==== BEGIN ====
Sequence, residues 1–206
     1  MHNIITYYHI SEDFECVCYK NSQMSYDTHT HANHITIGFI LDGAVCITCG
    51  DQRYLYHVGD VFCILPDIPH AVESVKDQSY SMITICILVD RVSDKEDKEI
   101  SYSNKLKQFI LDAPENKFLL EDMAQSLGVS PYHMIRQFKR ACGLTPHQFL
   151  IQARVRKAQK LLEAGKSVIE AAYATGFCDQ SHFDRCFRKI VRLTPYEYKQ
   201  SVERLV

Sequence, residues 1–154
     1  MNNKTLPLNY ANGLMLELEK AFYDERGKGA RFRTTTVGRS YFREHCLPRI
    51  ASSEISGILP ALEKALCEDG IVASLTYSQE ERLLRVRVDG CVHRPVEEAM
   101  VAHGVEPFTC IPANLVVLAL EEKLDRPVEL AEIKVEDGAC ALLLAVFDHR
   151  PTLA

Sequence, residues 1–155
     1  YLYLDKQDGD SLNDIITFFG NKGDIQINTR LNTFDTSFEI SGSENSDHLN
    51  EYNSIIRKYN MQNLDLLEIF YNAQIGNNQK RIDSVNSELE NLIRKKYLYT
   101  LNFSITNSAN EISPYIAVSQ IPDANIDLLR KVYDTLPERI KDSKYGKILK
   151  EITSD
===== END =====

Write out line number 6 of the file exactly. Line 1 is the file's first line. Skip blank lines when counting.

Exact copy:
   201  SVERLV